Publishing Stances: Self vs. Traditional

So, now that I’ve completed writing my first novel, I’ve been wandering around the publishing forums exploring my options. Like all the other planning I do, I’ve made lists of pros and cons of self-pub versus traditional, now that self-pub has become considerably more user-friendly, and wallet-friendly an enterprise.

Here are my observations so far.

Pros of self publishing:

1. E-publishing companies like Amazon and Nook make creation of e-books so easy that even a computer-impaired idiot like me, with fewer skills than a chimpanzee, can format and produce it. In addition, programs like Picnik have made professional quality cover art possible, so those of us not artistically inclined don’t have to settle for hiring, or drawing stick figures.

2. We can let our visually creative juices flow by creating our own art and inserting in the books however we want. It has been really fun learning Picnik and experimenting with cover creation. And it gives me a sense of pride when I can look at a cover I made on Kindle and say, “Wow, I did that, and it doesn’t look like a kindergartener made it. It looks cool!”

3. We can set our own price. I really like that. I understand complaints about indie authors underselling traditional published materials on Kindle and elsewhere, but I think it sometimes winds up being an effect of the economy, and the nature of the different modes of business, rather than a conscious strategy. I know that in my case, I feel better charging less in this economy. I live at the library, thrift stores and used book stores, and now online indie pages, because people everywhere including me, are strapped for cash. I love being able to pay $3.00 for a book, and as a result we read more. And my daughter will read more because we have the books in the house that we’ve bought cheap, though we still go to the library. The parking there is challenging, and with our home books we never have to return them. And, I’m not saying that there aren’t good reasons for charging more for traditional publishing. I know that more administration and marketing goes into traditional publishing, which means they do have a base price to recover cost. But as a struggling family, we try to spend as little as possible, and so I know it is easier for everyone else to do so too. I just love writing, and I want people to read what I write and share my thoughts. And if I can make a little money at it, awesome!

3. I’m a type A, impatient, neurotic person. The thought of being able to write something, format it, design it, put it up, and start making even little dribbles of money on it as early as the next day is like dangling a box of peanut butter cups in front of a sugar nut.

4. More artistic license or discretion is possible because there is one voice that goes into it, the writer’s. Now, that can easily translate into lack of editing and bad books. But often enough, it doesn’t, and every once in a while, you get a really great idea that becomes popular that never would have been picked up in a traditional setting. Indie pubs are not as subject to market whim, and a company’s opinion of what might or might not sell. You arrange the book, edit the crap out of it, shove it out of the nest, and whatever happens happens.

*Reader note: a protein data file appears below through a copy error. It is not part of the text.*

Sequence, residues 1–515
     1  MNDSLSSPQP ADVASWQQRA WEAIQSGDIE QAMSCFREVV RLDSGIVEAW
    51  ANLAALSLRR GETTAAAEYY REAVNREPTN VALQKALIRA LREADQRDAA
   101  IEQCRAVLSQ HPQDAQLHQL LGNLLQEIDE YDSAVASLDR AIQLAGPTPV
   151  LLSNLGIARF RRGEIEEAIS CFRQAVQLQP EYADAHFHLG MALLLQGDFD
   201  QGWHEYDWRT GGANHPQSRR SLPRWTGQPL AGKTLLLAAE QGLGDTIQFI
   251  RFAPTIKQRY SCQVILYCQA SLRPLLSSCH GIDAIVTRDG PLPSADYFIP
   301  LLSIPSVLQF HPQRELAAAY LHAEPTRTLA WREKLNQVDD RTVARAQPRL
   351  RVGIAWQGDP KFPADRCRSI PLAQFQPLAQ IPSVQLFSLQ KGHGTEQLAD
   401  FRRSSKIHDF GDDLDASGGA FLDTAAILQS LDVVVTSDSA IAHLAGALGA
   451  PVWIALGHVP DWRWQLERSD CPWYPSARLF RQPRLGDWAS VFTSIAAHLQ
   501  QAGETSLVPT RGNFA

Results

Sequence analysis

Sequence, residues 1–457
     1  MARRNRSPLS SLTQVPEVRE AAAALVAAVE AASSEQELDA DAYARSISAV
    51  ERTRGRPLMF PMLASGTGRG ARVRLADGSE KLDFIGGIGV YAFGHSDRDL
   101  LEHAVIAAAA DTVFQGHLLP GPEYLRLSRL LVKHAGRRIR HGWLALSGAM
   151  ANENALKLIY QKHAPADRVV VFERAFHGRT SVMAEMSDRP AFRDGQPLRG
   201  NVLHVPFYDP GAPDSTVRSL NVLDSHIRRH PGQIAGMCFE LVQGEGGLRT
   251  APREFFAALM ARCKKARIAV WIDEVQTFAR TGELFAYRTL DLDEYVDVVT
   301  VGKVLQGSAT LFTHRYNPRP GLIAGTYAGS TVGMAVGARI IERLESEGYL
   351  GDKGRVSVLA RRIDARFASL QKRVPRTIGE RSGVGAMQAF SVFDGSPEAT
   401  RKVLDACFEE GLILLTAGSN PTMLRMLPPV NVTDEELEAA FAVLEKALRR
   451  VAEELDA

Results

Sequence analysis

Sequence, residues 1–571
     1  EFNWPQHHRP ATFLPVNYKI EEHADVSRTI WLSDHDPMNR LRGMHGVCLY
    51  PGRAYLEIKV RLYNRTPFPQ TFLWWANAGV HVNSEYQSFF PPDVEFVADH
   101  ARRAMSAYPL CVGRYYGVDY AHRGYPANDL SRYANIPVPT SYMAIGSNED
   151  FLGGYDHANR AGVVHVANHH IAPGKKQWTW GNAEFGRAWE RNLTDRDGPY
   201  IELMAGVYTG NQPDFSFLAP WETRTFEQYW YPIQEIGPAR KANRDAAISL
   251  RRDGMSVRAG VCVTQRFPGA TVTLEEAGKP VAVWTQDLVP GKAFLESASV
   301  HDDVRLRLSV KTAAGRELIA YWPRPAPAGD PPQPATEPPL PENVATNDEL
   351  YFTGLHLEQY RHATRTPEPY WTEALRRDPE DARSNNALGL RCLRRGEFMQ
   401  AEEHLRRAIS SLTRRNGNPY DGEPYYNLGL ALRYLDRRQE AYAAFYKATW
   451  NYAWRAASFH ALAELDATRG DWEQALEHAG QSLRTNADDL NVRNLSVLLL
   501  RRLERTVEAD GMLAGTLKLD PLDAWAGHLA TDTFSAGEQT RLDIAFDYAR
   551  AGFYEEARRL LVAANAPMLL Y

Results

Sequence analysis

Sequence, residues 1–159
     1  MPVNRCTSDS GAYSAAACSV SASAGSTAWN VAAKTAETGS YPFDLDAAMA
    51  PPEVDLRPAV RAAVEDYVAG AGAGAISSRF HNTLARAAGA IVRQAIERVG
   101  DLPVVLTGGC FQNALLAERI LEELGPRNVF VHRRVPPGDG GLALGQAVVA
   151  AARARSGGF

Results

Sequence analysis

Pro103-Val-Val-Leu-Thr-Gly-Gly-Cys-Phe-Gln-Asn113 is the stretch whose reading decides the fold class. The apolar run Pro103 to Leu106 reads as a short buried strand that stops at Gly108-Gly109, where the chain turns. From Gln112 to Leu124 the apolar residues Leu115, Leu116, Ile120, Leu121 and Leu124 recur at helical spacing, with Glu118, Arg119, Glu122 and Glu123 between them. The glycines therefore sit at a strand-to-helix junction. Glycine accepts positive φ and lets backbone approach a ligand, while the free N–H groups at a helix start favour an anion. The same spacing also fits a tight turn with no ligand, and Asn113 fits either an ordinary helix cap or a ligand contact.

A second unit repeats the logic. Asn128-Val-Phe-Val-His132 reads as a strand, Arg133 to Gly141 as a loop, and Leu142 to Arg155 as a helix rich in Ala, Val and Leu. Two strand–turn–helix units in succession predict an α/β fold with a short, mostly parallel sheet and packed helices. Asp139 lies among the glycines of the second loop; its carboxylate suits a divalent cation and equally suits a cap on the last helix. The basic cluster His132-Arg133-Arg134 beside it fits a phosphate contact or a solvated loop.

5. Once you put a book up, it stays there till you take it down. So as long as you sell it, it’s yours and still visible i.e. not out of print.

So the pros of self-pub seem to amount to one big thing: Control, control control…and immediate gratification as far as availability.

On the other side, here is what I came up with as far as the pros of traditional publishing:

1. After the work of query letters to either agents or publishers, they do the intensive critique, and editing editing editing.

2. They do most of the selling, I’ve heard.

3. It seems that there is more initial publicity.

4. Traditionally published works can be up for awards, and are thought of as more legitimate. This pro depends on what your goal is and how much this means. I personally haven’t decided how much it means to me. Like every other writer on the planet, I fully admit having delicious little daydreams of winning the Hugo or some other award. But I also just get really pumped when people read my stories and write me about how much they got out of it. And ‘legitimacy’ is not necessarily a mark of quality. People not legimitized until later have been visionaries. The establishment in ancient Greece thought Socrates was bonkers, etc. I’m not comparing myself to these people, just making that point that I’m not sure yet of the value of legitimacy as defined by traditional establishments.

So it seems to be that the main advantage of traditional publishing is that someone else does the heavy lifting as far as the administrative/marketing side of things. Though I am a type A crazy person, I am a LAZY crazy person with the marketing skills of a socially-crippled nerd baboon in an all-jock troop. I’m just not good at getting attention…for the right things. So these advantages are also very appealing.

I haven’t come to any conclusions myself, but thought this might be a helpful analysis for starting writers like me. Why re-invent the wheel.


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